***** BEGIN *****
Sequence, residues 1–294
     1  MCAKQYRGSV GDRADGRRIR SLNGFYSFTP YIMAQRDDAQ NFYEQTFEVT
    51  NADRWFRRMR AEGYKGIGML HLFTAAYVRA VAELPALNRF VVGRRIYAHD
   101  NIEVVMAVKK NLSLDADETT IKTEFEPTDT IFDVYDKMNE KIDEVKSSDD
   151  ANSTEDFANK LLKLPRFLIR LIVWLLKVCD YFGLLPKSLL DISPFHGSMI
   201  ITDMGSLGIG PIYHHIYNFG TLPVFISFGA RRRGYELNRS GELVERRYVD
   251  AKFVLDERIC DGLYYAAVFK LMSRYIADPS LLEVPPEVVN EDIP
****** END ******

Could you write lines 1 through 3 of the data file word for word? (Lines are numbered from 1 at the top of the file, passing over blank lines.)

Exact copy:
Sequence, residues 1–294
     1  MCAKQYRGSV GDRADGRRIR SLNGFYSFTP YIMAQRDDAQ NFYEQTFEVT
    51  NADRWFRRMR AEGYKGIGML HLFTAAYVRA VAELPALNRF VVGRRIYAHD